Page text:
CS 555 Advanced Scripting with Interactive Multimedia   3 CH 
This advanced multimedia development course explores program control for effective design and delivery of interactive multimedia applications. Students will learn how to use Director's® full-feature scripting language "Lingo" to develop the interactivity and program control of multimedia projects. Xobjects, special code segments that control external devices, will also covered.  Prerequisites: CS 501 and CS 554 

CS 557 Web Programming with ASP.NET   3 CH 
This course covers Active Server Pages and how they allow for powerful web site creation by combining program code with standard HTML. The class is presented in a tutorial style that focuses on both theory and application. The student will successfully learn how program using Visual Basic Script, the most commonly used ASP programming language. The class will also cover other relevant topics such as integrating databases with a website and effective site functionality.  Prerequisites: CS 552 & CS 603

CS 558 Advanced Topics in ASP.NET   3 CH
Build on the basics of the first ASP.NET class and develop more efficient web applications. The class will focus on some advanced ASP.NET topics such as AJAX, Web Services, building Custom Components, Profiles, LINQ, and Web Parts. The class is presented in a tutorial style that focuses on both theory and application. The student will use either C# or VB.NET to program the ASP.NET web applications that access a SQL Server database.  Prerequisites: CS 557 

CS 559 C# Programming   3 CH
Introduces the .NET platform using C# which is a modern object-oriented language to build interfaces with applications for both windows and the web. Prerequisites: CS 552 

CS 560 Networking Applications   3 CH
This hands-on course provides an in-depth introduction to IP addressing, TCP/IP, routing of IP packets, internet protocol, TCP, DHCP, DNS, network management and a brief introduction to network security including the use of firewalls, proxy servers and footprint analysis.  Prerequisite: CS 621 

CS 561 Multimedia Authoring (Authorware)   3 CH 
This authoring course covers design and delivery of interactive multimedia using an icon-based product. Students use the authoring tool Authorware® to develop a variety projects: CBT, interactive kiosks, performance support applications, interactive magazines and catalogs, educational games and interactive education and information that can be delivered over intranets.  Prerequisite: CS 500 

CS 563 Animation for the Web 3 CH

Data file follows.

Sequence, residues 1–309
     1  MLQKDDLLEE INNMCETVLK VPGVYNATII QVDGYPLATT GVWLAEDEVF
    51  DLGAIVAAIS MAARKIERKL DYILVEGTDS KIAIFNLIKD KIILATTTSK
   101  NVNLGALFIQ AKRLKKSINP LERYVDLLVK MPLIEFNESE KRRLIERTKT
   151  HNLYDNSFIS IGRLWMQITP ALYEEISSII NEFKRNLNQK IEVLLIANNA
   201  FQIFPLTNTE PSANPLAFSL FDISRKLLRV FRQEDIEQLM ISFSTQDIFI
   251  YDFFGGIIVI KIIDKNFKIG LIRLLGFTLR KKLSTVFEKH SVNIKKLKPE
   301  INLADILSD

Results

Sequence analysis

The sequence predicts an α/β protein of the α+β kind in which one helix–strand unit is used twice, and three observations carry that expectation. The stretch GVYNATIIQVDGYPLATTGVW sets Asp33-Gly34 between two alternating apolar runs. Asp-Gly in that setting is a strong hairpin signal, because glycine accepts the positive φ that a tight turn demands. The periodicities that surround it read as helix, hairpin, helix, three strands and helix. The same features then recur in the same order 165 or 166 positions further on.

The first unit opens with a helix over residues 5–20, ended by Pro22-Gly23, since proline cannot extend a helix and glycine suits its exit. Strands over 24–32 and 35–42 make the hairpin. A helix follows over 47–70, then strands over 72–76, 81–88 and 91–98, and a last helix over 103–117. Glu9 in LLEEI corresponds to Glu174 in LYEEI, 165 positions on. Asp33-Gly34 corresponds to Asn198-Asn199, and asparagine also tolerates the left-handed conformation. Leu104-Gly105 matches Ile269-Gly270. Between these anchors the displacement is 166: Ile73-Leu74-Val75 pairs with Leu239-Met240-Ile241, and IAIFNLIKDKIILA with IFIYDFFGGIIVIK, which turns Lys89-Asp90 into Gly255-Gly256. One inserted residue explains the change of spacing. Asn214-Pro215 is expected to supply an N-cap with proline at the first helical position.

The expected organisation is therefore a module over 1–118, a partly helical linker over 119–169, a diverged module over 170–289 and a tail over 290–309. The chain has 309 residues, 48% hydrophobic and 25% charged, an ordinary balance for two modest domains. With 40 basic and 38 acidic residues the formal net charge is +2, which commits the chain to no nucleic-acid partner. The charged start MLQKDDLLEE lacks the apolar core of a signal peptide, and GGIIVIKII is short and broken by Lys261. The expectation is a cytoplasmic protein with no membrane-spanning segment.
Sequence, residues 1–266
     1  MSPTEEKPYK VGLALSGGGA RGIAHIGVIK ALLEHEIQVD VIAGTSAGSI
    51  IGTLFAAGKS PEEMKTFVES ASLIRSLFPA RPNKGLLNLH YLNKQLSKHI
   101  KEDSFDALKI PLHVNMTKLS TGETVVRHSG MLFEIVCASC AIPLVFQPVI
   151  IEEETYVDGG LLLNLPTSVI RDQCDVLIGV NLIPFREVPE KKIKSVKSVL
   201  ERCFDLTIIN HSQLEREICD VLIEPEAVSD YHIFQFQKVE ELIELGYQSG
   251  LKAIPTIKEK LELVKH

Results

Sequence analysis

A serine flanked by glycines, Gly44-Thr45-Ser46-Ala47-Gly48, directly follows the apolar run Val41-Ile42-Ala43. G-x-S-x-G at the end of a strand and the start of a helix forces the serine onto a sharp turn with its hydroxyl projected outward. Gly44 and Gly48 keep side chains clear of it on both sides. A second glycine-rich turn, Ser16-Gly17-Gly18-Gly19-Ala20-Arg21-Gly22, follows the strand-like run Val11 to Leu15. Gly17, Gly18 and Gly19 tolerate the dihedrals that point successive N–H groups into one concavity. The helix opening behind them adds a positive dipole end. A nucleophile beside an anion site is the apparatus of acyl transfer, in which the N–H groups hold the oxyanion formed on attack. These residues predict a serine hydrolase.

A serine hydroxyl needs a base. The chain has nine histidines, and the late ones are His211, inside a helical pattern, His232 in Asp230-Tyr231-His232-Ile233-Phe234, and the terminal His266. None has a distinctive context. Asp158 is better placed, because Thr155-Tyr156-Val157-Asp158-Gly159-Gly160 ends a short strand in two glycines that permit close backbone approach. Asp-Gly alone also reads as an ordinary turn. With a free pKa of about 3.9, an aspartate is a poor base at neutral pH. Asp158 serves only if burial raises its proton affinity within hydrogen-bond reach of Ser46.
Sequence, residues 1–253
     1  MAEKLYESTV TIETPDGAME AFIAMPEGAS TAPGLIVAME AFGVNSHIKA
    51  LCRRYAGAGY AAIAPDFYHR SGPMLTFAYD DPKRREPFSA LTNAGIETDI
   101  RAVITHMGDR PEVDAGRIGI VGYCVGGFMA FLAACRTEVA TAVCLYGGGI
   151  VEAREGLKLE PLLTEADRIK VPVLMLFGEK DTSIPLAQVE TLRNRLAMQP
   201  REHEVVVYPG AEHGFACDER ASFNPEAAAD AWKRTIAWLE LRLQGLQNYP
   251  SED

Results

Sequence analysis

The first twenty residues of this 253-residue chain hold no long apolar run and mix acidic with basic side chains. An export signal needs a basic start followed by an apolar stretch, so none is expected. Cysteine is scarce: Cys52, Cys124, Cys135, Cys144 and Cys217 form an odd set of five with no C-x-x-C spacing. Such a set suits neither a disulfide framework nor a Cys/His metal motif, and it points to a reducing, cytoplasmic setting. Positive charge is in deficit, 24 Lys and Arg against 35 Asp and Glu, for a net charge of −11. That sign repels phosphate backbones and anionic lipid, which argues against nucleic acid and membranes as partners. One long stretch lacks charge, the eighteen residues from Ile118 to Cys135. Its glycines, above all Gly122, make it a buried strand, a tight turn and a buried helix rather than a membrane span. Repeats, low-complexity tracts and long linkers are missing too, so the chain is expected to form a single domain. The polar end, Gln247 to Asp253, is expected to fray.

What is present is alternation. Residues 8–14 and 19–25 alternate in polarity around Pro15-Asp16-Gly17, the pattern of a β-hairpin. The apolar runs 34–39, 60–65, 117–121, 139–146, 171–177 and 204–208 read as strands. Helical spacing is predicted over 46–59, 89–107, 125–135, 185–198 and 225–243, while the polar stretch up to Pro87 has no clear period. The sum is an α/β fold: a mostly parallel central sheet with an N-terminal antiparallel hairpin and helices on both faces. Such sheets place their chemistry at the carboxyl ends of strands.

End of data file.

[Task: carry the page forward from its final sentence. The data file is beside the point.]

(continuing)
An introductory web animation course utilizing Adobe Animate CC. Students will discover how this premier tool is used to produce interactive multimedia for the web and beyond. The course will cover the Animate interface and tools used to develop animations such as shape and motion tweening, motion guide path, masking, development of scenes,  movie clips and button symbols.  Students will create a variety of animations such as: animated cartoons, advertisements, games, and other interactive content to publish on a variety of platforms. Basic ActionScript will be covered in this class.  Prerequisite: CS 550 or permission of instructor

CS 570 Introduction to Video Game Production 3 CR 
This course provides an overview of video game production. The course covers the phases of game production, the role of the publisher and developer, and information on how to manage teams. In addition, information is presented on basic design elements that are used when creating the game concept. The course concludes with a discussion of marketing and public relations. Open to all majors. Prerequisite: None

CS 571 Advanced Computer Gaming   3 CH 
An object-oriented approach to programming digital objects using Flash and Action Script 3.0. These programming techniques will be applied to both arcade and adventure games. 

CS 572 OOP with C# and Games   3 CH 
An object-oriented approach to computer graphics using C#. Topics covered will include: classes, instantiation, event listeners, polymorphism, encapsulation, event handlers, functions and methods, and basic game logic.  Prerequisite: CS 571

CS 573 Advanced Game Programming   3 CH 
A game oriented programming course focusing on advanced graphics techniques using OpenGL and/or DirectX. Prerequisite: CS 572